Wednesday, May 9, 2007

A "Fairness Doctrine"

What could be fairer than that?

London Free Press editor-in-chief Paul Berton thinks that "it would be nice to see [Bill O'Reilly] muzzled," but that "it wouldn't be democratic."

Not so fast, Paul. If some members of the U.S. Congress have their way, conservative broadcasting will be, if not exactly muzzled, at least strategically compromised by regulating equal access for liberal viewpoints on radio and television — and it will be completely "democratic," not to mention Democratic as well. Rep. Dennis Kucinich (D-OH), a leading proponent of legislating a return to the Fairness Doctrine, said in January that "We know the media has become the servant of a very narrow corporate agenda" and added "we are now in a position to move a progressive agenda to where it is visible."

Naturally, forcing it ahead through regulation is just the progressive way of going about it. But one would have to look long and hard for a progressive agenda deficit in the American media, as even the elections of Kucinich and sympathetic petitioners would attest, unless one were looking precisely in one direction — talk radio, which is dominated in the U.S. by conservative commentary. Strikingly, the Fairness Doctrine would not apply in the print media which is dominated instead by liberal thought. The rationale for applying the Doctrine is that broadcasters are "trustees" of public airwaves leased to them by the government, but this is clearly a pretext copped from its original inception in 1949 when radio station frequencies were a very limited resource. In an abundant and competitive marketplace where conservative talk radio has succeeded strictly by its popular appeal since the Doctrine was dissolved in 1987, the scarcity argument has long been invalid, even if it had ever been "fair" in the first place. Reinstating the Doctrine would quite simply be nothing other than an attempt to "muzzle" conservative viewpoints, to borrow Berton's description.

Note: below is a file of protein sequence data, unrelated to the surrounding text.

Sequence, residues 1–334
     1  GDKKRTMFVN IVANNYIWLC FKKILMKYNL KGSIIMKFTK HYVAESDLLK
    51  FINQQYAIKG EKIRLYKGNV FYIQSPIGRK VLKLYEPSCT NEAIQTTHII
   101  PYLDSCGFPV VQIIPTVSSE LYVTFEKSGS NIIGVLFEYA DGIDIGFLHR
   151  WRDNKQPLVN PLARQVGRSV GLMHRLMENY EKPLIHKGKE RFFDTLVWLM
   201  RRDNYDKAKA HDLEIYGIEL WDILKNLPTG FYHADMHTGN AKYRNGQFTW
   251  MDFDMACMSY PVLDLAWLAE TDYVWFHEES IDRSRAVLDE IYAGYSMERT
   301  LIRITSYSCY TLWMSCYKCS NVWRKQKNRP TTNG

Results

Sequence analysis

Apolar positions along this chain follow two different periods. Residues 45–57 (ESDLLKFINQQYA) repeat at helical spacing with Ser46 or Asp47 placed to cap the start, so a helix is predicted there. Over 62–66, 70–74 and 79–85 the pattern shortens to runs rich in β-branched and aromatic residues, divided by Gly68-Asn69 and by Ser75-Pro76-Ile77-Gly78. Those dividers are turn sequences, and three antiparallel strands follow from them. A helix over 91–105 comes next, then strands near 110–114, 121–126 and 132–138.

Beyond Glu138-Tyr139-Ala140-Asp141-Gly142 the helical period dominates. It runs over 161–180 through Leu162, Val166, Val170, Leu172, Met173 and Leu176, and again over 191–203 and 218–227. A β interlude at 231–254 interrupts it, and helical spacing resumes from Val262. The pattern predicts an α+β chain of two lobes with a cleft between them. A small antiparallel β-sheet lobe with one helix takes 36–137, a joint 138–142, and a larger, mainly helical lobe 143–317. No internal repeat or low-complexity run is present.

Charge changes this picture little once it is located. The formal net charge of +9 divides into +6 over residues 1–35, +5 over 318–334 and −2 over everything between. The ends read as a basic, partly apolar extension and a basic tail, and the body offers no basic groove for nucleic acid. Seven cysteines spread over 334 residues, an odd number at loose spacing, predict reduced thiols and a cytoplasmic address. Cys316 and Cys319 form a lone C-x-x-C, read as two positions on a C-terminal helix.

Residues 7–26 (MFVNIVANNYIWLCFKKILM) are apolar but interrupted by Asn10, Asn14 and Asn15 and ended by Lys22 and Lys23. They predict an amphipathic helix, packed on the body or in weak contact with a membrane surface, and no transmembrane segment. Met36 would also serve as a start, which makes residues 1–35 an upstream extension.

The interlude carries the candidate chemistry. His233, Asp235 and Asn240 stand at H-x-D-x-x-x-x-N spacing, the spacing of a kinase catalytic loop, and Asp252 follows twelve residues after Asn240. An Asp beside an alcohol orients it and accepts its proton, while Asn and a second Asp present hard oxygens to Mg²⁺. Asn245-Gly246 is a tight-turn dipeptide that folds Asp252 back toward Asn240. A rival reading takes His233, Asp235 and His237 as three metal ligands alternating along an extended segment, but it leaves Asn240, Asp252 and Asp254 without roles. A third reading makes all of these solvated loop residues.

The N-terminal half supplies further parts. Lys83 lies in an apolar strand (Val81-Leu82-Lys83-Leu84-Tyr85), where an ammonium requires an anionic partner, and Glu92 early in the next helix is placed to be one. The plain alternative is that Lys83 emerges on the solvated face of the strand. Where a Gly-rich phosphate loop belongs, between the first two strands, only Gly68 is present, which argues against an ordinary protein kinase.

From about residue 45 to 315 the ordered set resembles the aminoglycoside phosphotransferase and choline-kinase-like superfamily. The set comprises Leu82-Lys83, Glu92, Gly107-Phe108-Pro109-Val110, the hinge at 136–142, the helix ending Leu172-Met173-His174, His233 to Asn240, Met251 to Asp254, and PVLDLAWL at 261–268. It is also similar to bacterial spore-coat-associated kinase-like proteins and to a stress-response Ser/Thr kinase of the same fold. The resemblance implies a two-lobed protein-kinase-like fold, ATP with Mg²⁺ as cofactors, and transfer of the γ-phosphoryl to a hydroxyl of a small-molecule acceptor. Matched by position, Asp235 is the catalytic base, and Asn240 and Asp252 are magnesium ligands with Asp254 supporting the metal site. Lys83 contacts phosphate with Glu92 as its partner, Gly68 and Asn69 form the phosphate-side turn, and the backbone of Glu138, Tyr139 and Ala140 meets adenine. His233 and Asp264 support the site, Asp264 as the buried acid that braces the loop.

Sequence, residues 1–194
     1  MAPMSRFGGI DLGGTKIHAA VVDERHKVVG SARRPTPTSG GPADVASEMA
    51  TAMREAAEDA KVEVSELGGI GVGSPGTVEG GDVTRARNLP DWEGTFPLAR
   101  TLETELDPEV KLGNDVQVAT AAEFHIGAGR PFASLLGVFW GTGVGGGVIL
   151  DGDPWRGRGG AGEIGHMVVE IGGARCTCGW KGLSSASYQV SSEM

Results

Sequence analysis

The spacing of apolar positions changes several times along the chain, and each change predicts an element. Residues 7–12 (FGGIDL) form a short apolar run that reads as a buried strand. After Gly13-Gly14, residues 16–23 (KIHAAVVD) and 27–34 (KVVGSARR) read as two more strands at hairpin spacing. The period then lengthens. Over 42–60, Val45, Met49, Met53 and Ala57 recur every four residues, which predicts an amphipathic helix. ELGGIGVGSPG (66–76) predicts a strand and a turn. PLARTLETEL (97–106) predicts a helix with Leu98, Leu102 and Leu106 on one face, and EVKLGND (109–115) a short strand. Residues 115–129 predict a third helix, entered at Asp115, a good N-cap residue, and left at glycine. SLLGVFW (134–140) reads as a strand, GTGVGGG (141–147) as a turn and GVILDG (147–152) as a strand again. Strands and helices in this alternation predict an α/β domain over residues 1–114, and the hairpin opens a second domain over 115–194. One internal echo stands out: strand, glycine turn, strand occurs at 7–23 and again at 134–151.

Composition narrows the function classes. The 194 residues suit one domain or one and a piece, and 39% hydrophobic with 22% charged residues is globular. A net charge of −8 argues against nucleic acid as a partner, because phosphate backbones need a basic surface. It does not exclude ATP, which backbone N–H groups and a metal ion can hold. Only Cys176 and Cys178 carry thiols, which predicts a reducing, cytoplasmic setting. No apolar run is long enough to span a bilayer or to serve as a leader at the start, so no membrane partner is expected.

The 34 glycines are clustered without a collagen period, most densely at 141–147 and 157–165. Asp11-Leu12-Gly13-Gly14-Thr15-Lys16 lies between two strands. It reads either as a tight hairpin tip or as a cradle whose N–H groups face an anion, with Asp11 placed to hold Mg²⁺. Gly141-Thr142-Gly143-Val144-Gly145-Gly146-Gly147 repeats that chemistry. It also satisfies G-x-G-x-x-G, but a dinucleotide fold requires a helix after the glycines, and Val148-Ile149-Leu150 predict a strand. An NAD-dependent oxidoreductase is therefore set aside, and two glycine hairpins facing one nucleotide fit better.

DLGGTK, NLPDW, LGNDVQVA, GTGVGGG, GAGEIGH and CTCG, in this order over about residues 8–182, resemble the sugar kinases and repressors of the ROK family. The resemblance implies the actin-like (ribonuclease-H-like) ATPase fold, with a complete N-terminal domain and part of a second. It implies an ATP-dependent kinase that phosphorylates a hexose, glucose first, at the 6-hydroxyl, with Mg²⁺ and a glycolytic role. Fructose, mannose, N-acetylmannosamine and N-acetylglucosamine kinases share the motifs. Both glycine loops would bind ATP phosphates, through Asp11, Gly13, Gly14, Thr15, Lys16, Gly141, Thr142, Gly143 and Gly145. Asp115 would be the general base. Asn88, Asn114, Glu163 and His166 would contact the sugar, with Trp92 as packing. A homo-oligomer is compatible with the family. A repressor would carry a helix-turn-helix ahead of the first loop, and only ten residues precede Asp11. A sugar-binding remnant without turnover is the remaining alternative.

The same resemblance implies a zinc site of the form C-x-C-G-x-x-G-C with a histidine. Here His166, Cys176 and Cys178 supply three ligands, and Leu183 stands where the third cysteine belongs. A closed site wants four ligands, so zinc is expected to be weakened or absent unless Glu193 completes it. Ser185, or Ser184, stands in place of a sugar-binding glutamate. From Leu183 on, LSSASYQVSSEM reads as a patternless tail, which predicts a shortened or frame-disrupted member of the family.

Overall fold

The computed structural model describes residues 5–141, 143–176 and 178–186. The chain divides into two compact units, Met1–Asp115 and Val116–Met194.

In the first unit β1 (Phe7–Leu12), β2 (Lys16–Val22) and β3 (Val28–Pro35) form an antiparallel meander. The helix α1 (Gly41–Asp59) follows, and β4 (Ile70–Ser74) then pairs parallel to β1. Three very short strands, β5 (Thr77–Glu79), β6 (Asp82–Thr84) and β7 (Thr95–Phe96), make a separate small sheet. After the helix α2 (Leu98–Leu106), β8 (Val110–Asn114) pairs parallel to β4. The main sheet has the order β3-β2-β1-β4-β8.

The ellipsis in this account, of course, is that the Doctrine would also apply to television broadcasting which, with the noted exception of Fox News, is dominated instead by liberal or progressive viewpoints. One might hesitate to suppose what constitutes "opposing viewpoints" in the minds of FCC bureaucrats when applied to Fox as opposed to ABC, CBS, NBC or CNN, but a defining characteristic of modern liberal thought is precisely that it is convinced it already incorporates opposing viewpoints.